In a letter to the SEC, Rep. Michael Capuano (D-MA) asked the Commission to adopt regulations requiring disclosure of corporate spending in elections. Similarly, he urged the SEC to require a vote from company shareholders before that corporation may use its general treasury funds for political spending. The House Member noted that the Supreme Court’s 2010 decision in Citizens United v. Federal Election Commission changed the face of campaign finance for elections by authorizing, for the first time, unlimited political spending by corporations, which the Supreme Court understands to fall under the definition of person. Rep. Capuano is the Ranking Member on the House Oversight and Investigations Subcommittee.
While the FEC undoubtedly has jurisdiction over election matters, he noted, the SEC has the authority to promulgate rules regarding the procedures through which companies spend their treasury funds, which, after all, is shareholders' money, for political purposes, as well as disclosure of that spending as material information to shareholders. Since the Citizens United decision, said Rep. Capuano, shareholders have shown a marked interest in participating in political spending decisions and have submitted numerous proposals to include robust political spending disclosures in proxy statements.
Rep. Capuano has introduced legislation requiring the SEC to implement through regulation a shareholder vote authorizing corporate political spending. Under the process set up in H.R. 2517, the Shareholder Protection Act, shareholders would vote annually to authorize a political spending budget, at an amount set by the corporation, by majority vote. The corporation would then disclose to shareholders and the SEC, via existing reports and on the Internet, the amounts spent and for what purposes. While the Shareholder Protection Act could serve as a model for the SEC, Representative Capuano is open to other approaches that would accomplish the same goals.
He emphasized that shareholders have the right to decide if their money is spent for political purposes and to be notified of its specific use. Since the SEC clearly has the authority to enforce such accountability and disclosure, he urged the Commission to act to protect shareholders by requiring a shareholder "say" on political spending and ensuring proper disclosure.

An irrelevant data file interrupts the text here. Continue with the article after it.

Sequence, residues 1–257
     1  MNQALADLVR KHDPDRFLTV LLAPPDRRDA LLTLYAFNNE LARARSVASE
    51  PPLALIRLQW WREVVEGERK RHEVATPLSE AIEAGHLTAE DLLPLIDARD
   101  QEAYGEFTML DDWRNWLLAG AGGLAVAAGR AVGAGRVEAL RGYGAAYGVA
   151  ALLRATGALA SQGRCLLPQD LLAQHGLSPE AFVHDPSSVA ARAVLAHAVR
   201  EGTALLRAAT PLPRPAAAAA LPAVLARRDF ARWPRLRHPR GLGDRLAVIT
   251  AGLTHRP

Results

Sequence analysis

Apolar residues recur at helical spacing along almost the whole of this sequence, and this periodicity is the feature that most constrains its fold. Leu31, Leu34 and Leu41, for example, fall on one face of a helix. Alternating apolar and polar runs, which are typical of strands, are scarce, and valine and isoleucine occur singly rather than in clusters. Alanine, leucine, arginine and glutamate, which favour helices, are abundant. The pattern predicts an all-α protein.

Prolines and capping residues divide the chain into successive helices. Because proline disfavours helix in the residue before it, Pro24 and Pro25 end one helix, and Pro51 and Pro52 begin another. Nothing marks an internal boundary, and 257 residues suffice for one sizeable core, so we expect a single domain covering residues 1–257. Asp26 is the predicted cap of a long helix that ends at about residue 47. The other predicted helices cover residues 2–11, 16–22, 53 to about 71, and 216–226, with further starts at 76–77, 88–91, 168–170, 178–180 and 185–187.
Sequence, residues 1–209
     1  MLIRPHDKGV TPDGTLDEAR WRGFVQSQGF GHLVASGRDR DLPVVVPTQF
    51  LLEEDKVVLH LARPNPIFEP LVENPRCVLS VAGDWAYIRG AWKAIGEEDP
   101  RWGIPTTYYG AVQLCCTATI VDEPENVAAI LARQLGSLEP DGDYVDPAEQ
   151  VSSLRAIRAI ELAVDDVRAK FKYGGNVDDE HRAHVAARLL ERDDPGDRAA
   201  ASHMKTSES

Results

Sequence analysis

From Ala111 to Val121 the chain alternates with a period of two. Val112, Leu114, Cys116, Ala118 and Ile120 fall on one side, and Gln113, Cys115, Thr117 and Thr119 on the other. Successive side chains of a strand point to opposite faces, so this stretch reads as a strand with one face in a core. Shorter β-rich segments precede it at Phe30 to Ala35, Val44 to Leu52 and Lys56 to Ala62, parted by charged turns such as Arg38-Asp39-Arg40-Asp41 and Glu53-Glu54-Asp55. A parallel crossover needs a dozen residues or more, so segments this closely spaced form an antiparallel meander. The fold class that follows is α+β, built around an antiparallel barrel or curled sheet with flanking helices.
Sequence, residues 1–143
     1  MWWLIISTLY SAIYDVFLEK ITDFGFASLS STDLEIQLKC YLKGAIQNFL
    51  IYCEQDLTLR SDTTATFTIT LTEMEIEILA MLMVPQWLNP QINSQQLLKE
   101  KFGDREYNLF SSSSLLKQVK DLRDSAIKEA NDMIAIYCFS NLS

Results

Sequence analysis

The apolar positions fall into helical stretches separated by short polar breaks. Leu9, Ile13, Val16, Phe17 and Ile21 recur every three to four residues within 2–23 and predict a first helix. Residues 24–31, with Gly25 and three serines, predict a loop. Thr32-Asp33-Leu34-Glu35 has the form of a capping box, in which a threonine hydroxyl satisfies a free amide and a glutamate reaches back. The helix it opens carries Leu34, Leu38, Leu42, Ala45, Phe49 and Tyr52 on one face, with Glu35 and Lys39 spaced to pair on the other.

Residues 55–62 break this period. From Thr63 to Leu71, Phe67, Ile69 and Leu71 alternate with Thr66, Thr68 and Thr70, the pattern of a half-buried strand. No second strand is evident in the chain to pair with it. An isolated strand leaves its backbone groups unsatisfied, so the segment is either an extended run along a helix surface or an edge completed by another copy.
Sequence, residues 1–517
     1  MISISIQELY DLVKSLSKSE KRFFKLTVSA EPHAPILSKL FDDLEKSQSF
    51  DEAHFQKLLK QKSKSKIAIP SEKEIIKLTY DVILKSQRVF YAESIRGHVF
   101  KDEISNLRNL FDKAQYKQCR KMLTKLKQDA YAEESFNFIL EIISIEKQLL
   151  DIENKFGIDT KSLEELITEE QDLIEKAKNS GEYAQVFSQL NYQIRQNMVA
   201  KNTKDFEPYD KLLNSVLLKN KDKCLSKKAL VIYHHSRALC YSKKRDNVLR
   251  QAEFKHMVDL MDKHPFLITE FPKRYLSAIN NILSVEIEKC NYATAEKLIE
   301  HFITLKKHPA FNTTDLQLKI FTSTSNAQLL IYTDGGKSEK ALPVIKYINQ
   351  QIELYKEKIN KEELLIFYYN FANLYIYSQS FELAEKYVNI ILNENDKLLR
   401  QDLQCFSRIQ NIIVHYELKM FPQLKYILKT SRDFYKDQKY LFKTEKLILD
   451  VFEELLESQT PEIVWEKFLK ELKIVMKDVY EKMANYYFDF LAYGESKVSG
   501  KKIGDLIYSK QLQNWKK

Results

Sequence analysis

In a letter to the Commission last October, a consortium of over 40 House Members, including Rep. Carolyn Maloney (D-NY), urged the SEC to use its authority to issue rules requiring full public release of corporate political spending. Describing the present system as undemocratic and untenable, the Members said that the Citizens United ruling has left shareholders completely in the dark, unaware that their money could be funding political attack ads. In order to protect the rights of shareholders, said the Members, the SEC should adopt regulations requiring corporations to disclose their political spending to shareholders. Shareholders cannot hold corporate management accountable for decisions the shareholders never knew were made, reasoned the Members. Rep. Maloney is the Ranking Member on the House Financial Institutions Subcommittee.
Requiring disclosures of corporate political spending does not have to be overly burdensome on business, explained the Members, since the SEC can use existing mediums of shareholder communication to facilitate disclosure, including proxy statements, quarterly and annual reports, and registration statements. Further, in order to ensure that shareholders are informed of all political spending, the disclosures should include spending on independent expenditures, electioneering communications, and donations to outside groups for political purposes, such as super-PACs.